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    Re: All Slavic languages: Mutual intelligibility

    I wonder how it is in Ukraine now. In the past Russian programmes weren't necessarily subtitled, now, as far as I know, legal requirements demand it, but is it obeyed in the eastern or southeasten part of the country? Maybe some Ukrainian citizens could explain it. And how is it in Belarus?
    Last edited by marco_2; 27th November 2012 at 4:24 PM.

  16. #436
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    Re: All Slavic languages: Mutual intelligibility

    Well I'm a native Croatian, and have been since about 14 centuries.
    Well, I adore linguistics, it's simply fascinating for me to study them in my pass time.
    I can give you from my point of view, what I think I understand from each Slavic language, written and spoken. I'v also learned the Cyrillic alphabet.

    East Slavic
    Spoken Russian- Up and around 40-60%. The language isn't too different, and if one speaks slow enough, and the other tries really hard, they can have a basic conversation. I was in Croatia with my parents and aunt, and there was a Russian lady who needed help calling home from the public payphone. My mom and my aunt thought she spoke Croatian, but only realized she spoke Russian around halfway through the conversation. They seemed to be able to understand each other quite well, however when I hear Russians talk, depending on the phrase, I can understand about 30%, however, there are different dialects of Russian, some of which I only understand 20% of, while others I get about 60%.
    Written Russian- About 80-95%. Russians have a VERY similar alphabet to the serbian Cyrillic alphabet, except for the bacwards "R", which I thinks makes the "y" sound. I can read Russian without almost any hesitation.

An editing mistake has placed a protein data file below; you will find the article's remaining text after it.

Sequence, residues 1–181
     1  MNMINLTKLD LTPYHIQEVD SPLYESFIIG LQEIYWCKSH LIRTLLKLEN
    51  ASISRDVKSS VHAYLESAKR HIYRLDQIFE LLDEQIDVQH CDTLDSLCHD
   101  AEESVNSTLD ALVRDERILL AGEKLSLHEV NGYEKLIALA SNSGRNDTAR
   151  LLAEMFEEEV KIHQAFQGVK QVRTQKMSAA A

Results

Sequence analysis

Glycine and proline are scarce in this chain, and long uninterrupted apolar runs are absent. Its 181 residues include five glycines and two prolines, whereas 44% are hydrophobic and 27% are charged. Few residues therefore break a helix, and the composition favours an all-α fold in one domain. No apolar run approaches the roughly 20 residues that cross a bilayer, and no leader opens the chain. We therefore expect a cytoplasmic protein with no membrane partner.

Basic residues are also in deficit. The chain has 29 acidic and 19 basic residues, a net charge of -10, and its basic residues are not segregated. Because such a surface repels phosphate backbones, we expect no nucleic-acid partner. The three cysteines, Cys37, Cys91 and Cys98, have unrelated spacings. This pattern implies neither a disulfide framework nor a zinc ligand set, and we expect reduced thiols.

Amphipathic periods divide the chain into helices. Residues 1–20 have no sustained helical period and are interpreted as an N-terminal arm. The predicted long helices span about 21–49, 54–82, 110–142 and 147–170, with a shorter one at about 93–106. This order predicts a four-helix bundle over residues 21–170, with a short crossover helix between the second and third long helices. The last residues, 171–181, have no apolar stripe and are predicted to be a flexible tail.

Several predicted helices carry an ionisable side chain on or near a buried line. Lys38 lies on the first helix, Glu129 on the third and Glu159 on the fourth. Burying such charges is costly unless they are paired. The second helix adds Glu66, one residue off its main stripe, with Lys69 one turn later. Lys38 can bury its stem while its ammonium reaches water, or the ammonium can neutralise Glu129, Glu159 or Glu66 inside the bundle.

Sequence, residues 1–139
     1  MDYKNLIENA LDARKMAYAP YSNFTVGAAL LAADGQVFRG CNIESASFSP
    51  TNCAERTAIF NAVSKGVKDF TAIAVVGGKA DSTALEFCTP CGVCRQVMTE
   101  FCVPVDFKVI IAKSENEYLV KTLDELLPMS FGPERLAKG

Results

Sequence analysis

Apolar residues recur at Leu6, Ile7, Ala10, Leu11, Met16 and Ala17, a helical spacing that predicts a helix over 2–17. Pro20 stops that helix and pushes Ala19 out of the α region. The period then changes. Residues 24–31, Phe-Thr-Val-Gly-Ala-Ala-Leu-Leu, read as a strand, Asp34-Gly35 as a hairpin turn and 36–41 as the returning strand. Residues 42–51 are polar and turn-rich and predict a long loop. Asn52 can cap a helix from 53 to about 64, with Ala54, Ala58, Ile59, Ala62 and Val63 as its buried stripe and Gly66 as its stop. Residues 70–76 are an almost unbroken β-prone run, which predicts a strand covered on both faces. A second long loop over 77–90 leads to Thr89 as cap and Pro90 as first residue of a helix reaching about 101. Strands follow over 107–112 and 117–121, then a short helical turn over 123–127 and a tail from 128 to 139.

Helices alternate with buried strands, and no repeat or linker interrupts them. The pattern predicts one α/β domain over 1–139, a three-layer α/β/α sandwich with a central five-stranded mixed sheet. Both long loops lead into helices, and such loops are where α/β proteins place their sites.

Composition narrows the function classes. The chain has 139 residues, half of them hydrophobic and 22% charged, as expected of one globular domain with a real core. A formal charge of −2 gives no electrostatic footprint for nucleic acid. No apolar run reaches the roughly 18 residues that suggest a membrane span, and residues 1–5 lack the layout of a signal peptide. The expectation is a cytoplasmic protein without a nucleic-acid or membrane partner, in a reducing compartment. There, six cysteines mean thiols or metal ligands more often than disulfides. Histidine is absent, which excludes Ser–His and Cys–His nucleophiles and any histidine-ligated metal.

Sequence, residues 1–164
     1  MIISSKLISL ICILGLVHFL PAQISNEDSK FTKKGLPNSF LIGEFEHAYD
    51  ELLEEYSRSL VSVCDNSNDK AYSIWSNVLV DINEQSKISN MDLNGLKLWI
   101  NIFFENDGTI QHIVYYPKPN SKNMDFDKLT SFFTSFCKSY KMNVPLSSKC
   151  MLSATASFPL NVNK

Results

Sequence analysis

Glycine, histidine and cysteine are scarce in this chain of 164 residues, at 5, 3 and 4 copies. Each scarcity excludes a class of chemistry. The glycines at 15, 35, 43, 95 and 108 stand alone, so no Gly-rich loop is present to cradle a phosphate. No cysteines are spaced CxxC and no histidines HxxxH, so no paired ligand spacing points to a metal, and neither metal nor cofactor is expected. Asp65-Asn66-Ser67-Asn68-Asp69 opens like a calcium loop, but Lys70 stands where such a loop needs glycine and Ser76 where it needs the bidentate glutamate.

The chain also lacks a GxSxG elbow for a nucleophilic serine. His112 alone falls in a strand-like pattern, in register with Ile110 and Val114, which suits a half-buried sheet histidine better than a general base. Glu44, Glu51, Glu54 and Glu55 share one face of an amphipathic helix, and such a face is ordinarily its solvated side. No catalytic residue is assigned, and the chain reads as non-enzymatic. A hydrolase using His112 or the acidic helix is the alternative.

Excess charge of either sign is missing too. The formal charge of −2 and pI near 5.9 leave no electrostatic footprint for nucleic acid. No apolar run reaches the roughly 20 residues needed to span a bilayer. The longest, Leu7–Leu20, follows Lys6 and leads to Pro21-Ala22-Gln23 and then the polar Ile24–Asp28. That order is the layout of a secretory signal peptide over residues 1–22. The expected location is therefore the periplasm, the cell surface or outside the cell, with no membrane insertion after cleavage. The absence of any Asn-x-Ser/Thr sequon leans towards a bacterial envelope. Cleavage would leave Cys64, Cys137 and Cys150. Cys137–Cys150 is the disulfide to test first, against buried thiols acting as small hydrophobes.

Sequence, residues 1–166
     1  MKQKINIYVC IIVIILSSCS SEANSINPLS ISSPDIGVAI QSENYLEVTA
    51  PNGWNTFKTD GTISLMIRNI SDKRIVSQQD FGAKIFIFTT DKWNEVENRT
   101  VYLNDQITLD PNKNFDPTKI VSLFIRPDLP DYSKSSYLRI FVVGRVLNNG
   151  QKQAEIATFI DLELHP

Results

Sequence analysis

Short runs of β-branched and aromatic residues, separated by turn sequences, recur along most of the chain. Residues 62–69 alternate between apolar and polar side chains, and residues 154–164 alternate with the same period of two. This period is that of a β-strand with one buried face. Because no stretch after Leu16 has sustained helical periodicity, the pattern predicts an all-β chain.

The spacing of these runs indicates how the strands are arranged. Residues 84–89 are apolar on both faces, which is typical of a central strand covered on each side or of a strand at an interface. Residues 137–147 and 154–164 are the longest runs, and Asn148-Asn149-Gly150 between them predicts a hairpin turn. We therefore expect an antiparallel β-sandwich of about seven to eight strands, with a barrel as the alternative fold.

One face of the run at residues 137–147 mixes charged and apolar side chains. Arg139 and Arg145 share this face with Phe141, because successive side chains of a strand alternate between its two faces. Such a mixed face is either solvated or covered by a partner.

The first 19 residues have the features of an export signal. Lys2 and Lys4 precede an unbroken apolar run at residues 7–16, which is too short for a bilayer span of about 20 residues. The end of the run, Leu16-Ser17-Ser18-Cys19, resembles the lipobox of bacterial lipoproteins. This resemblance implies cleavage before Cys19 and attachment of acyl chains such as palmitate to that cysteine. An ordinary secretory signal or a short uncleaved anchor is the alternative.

Spoken Ukranian- I was surprised to find that Ukrainian is WAY more similar to Croatian than it is to Russian. The mutual intelligibility to Russian is only 76%, while to Croatian it's a huge 87%! Depending on how thick your accent is, I can understand anywhere between 60-80% what a Ukraine says. Having a conversation with them might be a little harder, but I can understand almost everything they say. The mutual intelligibility might be asymmetric.
    Written Ukranian- I don't know if they have the same Cyrillic as Russian, but there alphabet is a bit iffy to me. I can understand about 70% of their written writing. Two people of Serbian and Ukranian descent would be able to write letters to each other, and get the big idea of what they were saying.

    Belarus-I've never heard this language, so I can't really comment on it.

    All Together: About 60%


    West Slavic
    Spoken Czech- About 70-80%. Czech, at least by me, is very easy to understand and I've had many conversations with my Czech friends, and we've managed to keep the conversation alive, it is no problem to understand Czech
    Written Czech- Eh, around 70%. They got some weird things going in their alphabet, what not with this letter "ř" On top of that, written language is always harder for me, I get it better if I have a visual grasp.

    Spoken Polish- After having so much exposure to Polish, I can safely say I can understand almost EVERYTHING Polish people say. For a person with a new dawn to either language (Croatian, or Polish), it might be only 60%, but after using "code phrases" with my Polish friends in elementary school, I can understand about 90%.